Political Winds of Change
by Anthony John
published on the Tasmanian Times
An Article published late last year ( Democracy Tas Style, Here) addressed issues associated with the failings of our parliamentary democracy. It noted an increasing voter frustration and disenchantment with the political system; and identified the major parties themselves as central to “the problem” primarily because they controlled the selection process where merit often seems to have been a secondary consideration when selecting candidates.
The Article concluded that reform was urgently needed if our democratic rights were to be restored – where focus would switch to what was good for the people, not just the Party. It also observed that the major parties would always act to preserve the status quo and any impetus for change would have to come from the people.
A subsequent article ( Call to Action, Here ) urged action, not words, noting that lamenting the loss of our democratic freedoms, corruption of process, shonky dealings and the like, was unlikely to drive reform. Instead, it was suggested that a first action- oriented step might be to identify talented, respected people in the community willing and able to stand as independent candidates for parliament, aided bya support network of concerned people. This would provide voters with a genuine alternative to the major parties. A loose coalition of Independents might then be organised to provide mutual support.
In this context: what positives appear to be emerging from the recent State and Federal elections?
Firstly, it is obvious that self-serving, inward-looking major parties are manifestly “on the nose” in the electorate. A pox on both their houses seems to be the verdict. The people have spoken clearly: if you don’t reform in a way that enables you to reflect and represent the interests of the people, you will be consigned to the political dustbin of history. No longer it seems can you get away with making grand pronouncements on, say, Carbon Trading – and then fail to act; or on climate change, and then turn it over to a “People’s Assembly” for action. If you fail to deliver, you will be punished.
What is driving the change in voter sentiment at this particular time? A key factor is undoubtedly the rise of the Greens who have survived all attempts to eliminate them as a political force in recent times and are now able to ride the wave of ‘green ideology ‘sweeping across the continent. They now have an identifiable political “brand” which differentiates them from the major parties, and are not saddled with the political ‘ baggage’ being carried by the major parties (at least, not yet!).They appear to be more tuned-in to contemporary issues and voter concerns.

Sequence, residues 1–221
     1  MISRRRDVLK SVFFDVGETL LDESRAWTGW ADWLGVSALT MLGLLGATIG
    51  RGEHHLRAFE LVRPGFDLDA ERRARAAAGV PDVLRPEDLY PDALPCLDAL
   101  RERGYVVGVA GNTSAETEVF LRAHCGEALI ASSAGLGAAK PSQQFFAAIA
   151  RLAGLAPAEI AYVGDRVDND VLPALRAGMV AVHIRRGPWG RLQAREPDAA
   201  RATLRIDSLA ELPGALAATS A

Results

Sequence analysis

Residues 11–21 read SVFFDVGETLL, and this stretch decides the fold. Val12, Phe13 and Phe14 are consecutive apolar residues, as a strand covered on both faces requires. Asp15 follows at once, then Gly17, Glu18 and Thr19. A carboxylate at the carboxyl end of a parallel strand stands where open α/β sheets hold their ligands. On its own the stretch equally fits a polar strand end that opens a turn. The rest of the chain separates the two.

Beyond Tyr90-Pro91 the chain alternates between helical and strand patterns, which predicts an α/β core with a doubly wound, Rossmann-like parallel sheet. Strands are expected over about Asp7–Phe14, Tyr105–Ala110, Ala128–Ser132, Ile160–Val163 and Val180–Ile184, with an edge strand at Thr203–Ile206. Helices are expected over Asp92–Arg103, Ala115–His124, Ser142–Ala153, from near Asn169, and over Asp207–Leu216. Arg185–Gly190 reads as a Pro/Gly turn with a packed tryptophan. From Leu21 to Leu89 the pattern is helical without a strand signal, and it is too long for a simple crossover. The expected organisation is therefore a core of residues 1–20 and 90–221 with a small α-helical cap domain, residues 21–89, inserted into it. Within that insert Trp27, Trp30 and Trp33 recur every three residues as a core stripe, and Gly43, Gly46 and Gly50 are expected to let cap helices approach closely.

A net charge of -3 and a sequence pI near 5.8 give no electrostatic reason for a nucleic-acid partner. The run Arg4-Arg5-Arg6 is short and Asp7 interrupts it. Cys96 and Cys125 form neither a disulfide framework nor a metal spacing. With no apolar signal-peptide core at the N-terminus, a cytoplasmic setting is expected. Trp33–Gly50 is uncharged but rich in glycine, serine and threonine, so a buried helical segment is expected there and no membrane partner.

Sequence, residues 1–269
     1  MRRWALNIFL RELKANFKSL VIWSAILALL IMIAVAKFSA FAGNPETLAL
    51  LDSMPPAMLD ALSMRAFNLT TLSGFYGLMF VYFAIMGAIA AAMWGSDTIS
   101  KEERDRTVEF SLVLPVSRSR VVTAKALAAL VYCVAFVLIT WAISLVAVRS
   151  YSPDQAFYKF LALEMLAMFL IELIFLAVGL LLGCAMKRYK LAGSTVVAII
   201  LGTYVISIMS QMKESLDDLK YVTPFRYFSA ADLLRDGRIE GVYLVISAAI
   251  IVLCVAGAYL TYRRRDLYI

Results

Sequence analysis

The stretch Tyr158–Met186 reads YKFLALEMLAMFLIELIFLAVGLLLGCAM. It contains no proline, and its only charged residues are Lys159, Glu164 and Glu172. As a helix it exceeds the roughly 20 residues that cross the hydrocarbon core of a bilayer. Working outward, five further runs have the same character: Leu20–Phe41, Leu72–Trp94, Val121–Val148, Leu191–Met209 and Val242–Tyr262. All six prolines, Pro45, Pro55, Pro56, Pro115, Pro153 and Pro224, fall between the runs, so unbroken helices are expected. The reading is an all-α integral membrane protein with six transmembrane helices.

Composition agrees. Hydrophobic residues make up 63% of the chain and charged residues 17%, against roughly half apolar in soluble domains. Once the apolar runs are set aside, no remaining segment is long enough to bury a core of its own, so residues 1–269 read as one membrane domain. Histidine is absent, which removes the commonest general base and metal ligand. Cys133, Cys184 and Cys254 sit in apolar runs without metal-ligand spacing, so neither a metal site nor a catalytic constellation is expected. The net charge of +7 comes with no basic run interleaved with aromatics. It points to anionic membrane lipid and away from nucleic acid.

The voting public thus had a credible alternative to the major parties, and switched to the Greens in record numbers.
Another factor is the realisation that coalitions do not necessarily result in chronic instability and unworkable parliamentary processes. After all, they are now working in such countries as GB, Canada, Germany and Israel. The loose Labour/Greens alliance in Tasmaniaalso appears to be working satisfactorily at present. This means the major parties can no longer use the scare tactic of warning against the dangers of a ‘hung Parliament’ : Vote for us, or suffer the consequences——.
Another factor militating against the power of the ‘big parties’ is that more and more voters are now able to access political information from a much wider range of sources. The internet particularly has changed the way politics are conducted. Historically, voters have relied on the local media (print, mainly) for information, unaware that this can be presented in such a way as to benefit particular commercial- cum political interests. Now better informed, voters are able to see past the party-line and change allegiances.
Arguably, the most important outcome from the recent federal election is that the spotlight has been turned on Independents. Whether or not he is elected, Andrew Wilkie has clearly demonstrated that a talented, energetic candidate with a track record of success, can challenge the big parties. Hopefully, this will encourage other quality candidates to have a go in future. Additionally, we see three other interstate Independents re-elected with big majorities. This surely would not have happened if they weren’t delivering results for their constituents and effectively debunks the conventional wisdom that a vote for Independents is a wasted vote.
For all of us lamenting the systematic loss of our democratic freedoms and protections under
1. The era of dominance of the big parties is coming to an end where party interests always superceded those of the electorate.
2. Third parties can survive and prosper if they genuinely reflect the interests, needs and will of the people.
3. Talented, committed individuals can stand as Independents secure in the knowledge that they are a real chance to be voted-in if they are seen as the candidate best able to serve the interests of the electorate. That is, they won’t necessarily be disadvantaged by not belonging to a political party as such.
2010 may come to be seen in future as the year when we stumbled on a pathway leading back to democracy. There will no doubt be missteps, mishaps and misadventures along the way but at least we are now heading in a direction chosen by the people, not the major parties.